You know the feeling – that latest storm cycle dropped at least 12” and you can’t wait to get first tracks; the Nordic course is perfectly groomed and calling your name; your pup really wants to go play in the snow, or friends are heading into the backcountry for a few untouched laps. It’s a magical time of year, but one that comes with a variety of weather and snow conditions that can lead to frostbite.
With Jack Frost blowing in freezing temperatures, snowstorms and blustery winter conditions, now is a good time to learn more about how you can get frostbite, how to prevent it, how to recognize it, and the best approach for treatment.
The Signs and Stages of Frostbite
If you’ve ever taken off your ski boots and found that your toes are numb before slowly warming with a tingly feeling, you might be experiencing the first stage of frostbite, known as frostnip. This early warning sign is simply that and doesn’t result in any permanent damage. Symptoms of frostnip can include numbness, painful tingling as the skin warms, and pale or red skin. While frostnip doesn’t result in any lasting damage, it can lead to more serious conditions if it goes untreated. In short, if you can’t feel your toes while you’re riding up the chairlift, it’s time to head into the lodge and warm them up.
In the next stage, superficial frostbite can cause changes to skin color, resulting in red or pale-looking skin, which means something more significant than frostnip is happening. While the area might feel warm, the skin will actually be cold to the touch. If you start rewarming your skin at this point, it can sting, burn and swell, sometimes resulting in a fluid blister 12 to 36 hours later.
Think the gray or black skin of climbers after being stranded on a snowy mountain peak. This late-stage frostbite affects all layers of the skin, including deeper tissues. Essentially, the skin begins to die. During this stage, the skin will feel numb and even hard and waxy. Joints and muscles might also become stiff, and large blisters might begin to form 24 to 48 hours after you’ve begun rewarming the affected tissue.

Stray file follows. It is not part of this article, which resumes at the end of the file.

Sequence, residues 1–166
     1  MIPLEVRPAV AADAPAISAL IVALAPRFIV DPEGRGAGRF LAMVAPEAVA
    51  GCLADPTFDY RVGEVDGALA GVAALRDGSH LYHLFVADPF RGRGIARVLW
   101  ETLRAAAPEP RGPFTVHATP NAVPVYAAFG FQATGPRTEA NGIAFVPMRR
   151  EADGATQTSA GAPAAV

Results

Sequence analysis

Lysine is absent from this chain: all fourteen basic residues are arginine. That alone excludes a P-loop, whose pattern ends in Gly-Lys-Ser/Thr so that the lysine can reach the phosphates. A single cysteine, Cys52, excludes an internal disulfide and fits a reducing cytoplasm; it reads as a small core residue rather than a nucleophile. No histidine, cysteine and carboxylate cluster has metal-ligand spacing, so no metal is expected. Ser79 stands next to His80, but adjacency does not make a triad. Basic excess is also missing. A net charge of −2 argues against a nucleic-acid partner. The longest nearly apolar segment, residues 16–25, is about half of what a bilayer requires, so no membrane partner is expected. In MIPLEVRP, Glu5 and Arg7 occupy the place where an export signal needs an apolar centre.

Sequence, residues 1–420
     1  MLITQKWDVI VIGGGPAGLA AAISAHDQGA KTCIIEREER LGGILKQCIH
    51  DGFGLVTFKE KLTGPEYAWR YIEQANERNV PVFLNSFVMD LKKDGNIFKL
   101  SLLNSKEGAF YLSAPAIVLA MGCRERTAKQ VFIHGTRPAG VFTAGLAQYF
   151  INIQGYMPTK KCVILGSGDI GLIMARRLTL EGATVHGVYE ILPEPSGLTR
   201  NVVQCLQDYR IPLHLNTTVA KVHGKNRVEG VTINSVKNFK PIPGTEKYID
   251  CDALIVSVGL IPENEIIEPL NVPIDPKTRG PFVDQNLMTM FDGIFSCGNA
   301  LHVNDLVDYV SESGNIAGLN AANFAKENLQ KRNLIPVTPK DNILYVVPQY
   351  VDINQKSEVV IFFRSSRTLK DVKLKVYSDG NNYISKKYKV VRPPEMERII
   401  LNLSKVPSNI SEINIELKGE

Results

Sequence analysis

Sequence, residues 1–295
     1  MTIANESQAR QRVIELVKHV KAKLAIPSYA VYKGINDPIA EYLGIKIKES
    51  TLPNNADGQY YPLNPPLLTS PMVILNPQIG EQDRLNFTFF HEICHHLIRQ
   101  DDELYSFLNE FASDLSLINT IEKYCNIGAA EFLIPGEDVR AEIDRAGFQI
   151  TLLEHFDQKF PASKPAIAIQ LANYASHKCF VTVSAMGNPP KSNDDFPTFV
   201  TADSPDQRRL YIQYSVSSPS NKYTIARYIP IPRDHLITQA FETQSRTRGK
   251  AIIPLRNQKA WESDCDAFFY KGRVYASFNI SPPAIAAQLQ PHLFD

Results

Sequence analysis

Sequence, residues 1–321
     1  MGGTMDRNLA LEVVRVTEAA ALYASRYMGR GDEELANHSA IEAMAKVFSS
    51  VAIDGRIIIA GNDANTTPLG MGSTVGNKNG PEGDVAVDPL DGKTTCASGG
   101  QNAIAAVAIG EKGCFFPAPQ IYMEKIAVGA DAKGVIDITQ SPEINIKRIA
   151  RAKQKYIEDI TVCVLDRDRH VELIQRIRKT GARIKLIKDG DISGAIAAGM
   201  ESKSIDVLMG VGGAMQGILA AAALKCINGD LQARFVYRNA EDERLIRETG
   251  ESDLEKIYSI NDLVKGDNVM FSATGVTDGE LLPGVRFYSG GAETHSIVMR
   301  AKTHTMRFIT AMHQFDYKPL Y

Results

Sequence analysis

How cold does it have to be to get frostbite?
Typically, single-digit Fahrenheit temperatures are when people start to experience the early stages of frostbite. Other factors to consider are wind and wind chill. When the temperature drops below zero degrees Fahrenheit, it doesn’t take long to get frostbite – sometimes only half an hour.
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How to treat frostbite?
If you or someone you know has frostbite, seek medical attention. NEVER rewarm the tissue unless you can be 100% certain there is no chance of the tissue getting cold again before reaching medical care. At the time of assessment, it may be difficult to classify the seriousness of frostbite as symptoms may take days to manifest. An experienced medical professional can diagnose the injury and provide treatment guidance. Keep in mind frostbite is often accompanied by hypothermia and dehydration.
What is the best prevention for frostbite?
The best way to avoid frostbite is to prevent it. This can begin with simply monitoring weather conditions relative to your outdoor activity. If winter storm warnings and blustery, gusting winds are called for, maybe reconsider spending extended time outside. If you do venture into the flurry, make sure to bundle up. Layer appropriately and most importantly, wear clothing that covers areas most prone to exposure, including your face, ears, cheeks, chin, nose, toes and fingers. Buffs, neck gaiters, balaclavas, goggles and scarves are powerful preventers of frostbite. Wear gloves or mittens thick enough to provide proper protection. Thermal socks offer a great barrier to the elements. If you can spring for heated socks, those are even better. Layer in a way that keeps you warm and dry.
Being Prepared for Winter Activities in Colorado
Before the snow flies, make sure you’re ready for ski or snowboard season, including taking proper precautions that can help prevent ski injuries. If you’re heading to higher elevations, understand different weather patterns that might affect the area and your activity there, as well as how to stay healthy at altitude. Those who do extensive backcountry exploring or trips should have advanced wilderness medical training. If you’re craving additional information on frostbite and how to prevent and treat it, talk with your Aspen Valley Hospital primary care provider.